The bottom line is that these are not the clear cut supporting threads of evidence supporting the use of oral joint supplements in animals suffering osteoarthritis. As more information trickles in, it could be that the weight of evidence swings positively for these supplements. On the other hand, initially favorable human studies later turned out to be far less accurate than assumed as more data came in. Additionally, these questionable joint supplements are among the most researched within the realm of the innumerable products available in the supplement industry. Indeed, a skeptical outlook remains the most prudent approach when encountering these products.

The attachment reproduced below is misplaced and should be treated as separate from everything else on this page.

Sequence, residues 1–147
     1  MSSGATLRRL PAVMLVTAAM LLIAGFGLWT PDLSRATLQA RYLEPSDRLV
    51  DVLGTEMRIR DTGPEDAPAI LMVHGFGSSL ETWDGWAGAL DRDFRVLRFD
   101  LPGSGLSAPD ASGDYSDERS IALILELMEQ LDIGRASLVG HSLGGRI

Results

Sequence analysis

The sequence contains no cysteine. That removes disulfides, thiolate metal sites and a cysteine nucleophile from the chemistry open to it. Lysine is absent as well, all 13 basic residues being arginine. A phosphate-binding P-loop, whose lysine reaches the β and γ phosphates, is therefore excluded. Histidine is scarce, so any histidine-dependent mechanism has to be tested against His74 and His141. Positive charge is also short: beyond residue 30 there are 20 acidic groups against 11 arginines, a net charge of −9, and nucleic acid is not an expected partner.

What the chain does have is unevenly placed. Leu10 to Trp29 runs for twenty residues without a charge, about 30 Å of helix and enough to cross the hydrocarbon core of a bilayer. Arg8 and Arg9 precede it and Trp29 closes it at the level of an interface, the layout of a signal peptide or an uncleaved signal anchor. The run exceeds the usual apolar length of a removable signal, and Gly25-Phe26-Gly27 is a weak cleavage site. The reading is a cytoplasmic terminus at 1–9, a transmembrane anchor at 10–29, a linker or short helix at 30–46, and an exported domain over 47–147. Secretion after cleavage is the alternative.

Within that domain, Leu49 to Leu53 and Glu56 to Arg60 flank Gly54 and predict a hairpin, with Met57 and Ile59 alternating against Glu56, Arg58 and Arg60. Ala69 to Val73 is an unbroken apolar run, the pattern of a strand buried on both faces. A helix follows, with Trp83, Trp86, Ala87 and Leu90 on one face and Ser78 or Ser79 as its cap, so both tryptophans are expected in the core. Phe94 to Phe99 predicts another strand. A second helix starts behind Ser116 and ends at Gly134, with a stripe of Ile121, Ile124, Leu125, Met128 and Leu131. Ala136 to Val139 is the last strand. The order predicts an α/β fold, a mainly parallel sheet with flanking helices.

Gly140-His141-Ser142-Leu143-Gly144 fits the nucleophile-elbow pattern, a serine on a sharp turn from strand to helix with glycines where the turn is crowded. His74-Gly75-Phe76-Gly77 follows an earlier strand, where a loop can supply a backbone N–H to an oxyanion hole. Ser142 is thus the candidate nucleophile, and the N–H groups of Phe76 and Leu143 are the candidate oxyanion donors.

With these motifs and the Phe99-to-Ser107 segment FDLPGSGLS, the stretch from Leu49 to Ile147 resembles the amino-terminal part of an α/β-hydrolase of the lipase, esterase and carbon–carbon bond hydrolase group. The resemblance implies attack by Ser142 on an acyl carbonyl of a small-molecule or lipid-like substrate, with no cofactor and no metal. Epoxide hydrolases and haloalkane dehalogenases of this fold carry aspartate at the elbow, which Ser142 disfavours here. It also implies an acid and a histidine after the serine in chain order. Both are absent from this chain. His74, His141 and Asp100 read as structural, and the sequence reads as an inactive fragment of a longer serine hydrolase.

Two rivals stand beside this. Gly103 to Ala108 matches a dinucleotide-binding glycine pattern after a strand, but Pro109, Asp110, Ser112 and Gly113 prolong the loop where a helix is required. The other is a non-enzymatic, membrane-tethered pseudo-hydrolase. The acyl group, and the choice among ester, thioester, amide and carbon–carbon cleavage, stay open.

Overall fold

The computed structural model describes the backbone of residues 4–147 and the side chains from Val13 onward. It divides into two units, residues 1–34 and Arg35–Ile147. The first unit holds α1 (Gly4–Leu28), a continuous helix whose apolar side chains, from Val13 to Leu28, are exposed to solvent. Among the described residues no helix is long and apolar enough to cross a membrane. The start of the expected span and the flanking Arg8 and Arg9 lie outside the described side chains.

Justifying the amount of money spent on products claiming a medical benefit that have very little evidence backing them are of concern. Consumer choice in medicine needs to be limited to those modalities that have an acceptable level of evidence for efficacy demonstrable beyond placebo. Otherwise, often limited consumer funds, are directed away from those therapies that can do some good.

1 comment: